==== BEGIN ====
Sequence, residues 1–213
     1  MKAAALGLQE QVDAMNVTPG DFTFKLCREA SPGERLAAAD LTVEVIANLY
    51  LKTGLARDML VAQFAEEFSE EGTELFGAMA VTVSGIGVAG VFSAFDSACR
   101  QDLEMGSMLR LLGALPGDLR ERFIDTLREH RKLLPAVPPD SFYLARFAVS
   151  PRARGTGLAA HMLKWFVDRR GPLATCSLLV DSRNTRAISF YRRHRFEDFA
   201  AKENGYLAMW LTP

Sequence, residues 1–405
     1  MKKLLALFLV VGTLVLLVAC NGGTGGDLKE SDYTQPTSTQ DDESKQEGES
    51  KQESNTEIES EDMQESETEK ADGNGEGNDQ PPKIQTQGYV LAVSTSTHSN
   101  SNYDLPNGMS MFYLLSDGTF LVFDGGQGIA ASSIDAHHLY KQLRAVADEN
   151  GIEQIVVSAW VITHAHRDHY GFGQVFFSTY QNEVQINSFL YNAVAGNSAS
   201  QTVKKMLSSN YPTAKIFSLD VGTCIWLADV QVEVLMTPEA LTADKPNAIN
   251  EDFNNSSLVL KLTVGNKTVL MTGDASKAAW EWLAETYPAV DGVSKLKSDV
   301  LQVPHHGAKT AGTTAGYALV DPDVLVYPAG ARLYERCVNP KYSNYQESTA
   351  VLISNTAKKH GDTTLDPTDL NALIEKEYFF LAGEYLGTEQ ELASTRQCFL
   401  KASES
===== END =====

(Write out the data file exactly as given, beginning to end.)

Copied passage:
Sequence, residues 1–213
     1  MKAAALGLQE QVDAMNVTPG DFTFKLCREA SPGERLAAAD LTVEVIANLY
    51  LKTGLARDML VAQFAEEFSE EGTELFGAMA VTVSGIGVAG VFSAFDSACR
   101  QDLEMGSMLR LLGALPGDLR ERFIDTLREH RKLLPAVPPD SFYLARFAVS
   151  PRARGTGLAA HMLKWFVDRR GPLATCSLLV DSRNTRAISF YRRHRFEDFA
   201  AKENGYLAMW LTP

Sequence, residues 1–405
     1  MKKLLALFLV VGTLVLLVAC NGGTGGDLKE SDYTQPTSTQ DDESKQEGES
    51  KQESNTEIES EDMQESETEK ADGNGEGNDQ PPKIQTQGYV LAVSTSTHSN
   101  SNYDLPNGMS MFYLLSDGTF LVFDGGQGIA ASSIDAHHLY KQLRAVADEN
   151  GIEQIVVSAW VITHAHRDHY GFGQVFFSTY QNEVQINSFL YNAVAGNSAS
   201  QTVKKMLSSN YPTAKIFSLD VGTCIWLADV QVEVLMTPEA LTADKPNAIN
   251  EDFNNSSLVL KLTVGNKTVL MTGDASKAAW EWLAETYPAV DGVSKLKSDV
   301  LQVPHHGAKT AGTTAGYALV DPDVLVYPAG ARLYERCVNP KYSNYQESTA
   351  VLISNTAKKH GDTTLDPTDL NALIEKEYFF LAGEYLGTEQ ELASTRQCFL
   401  KASES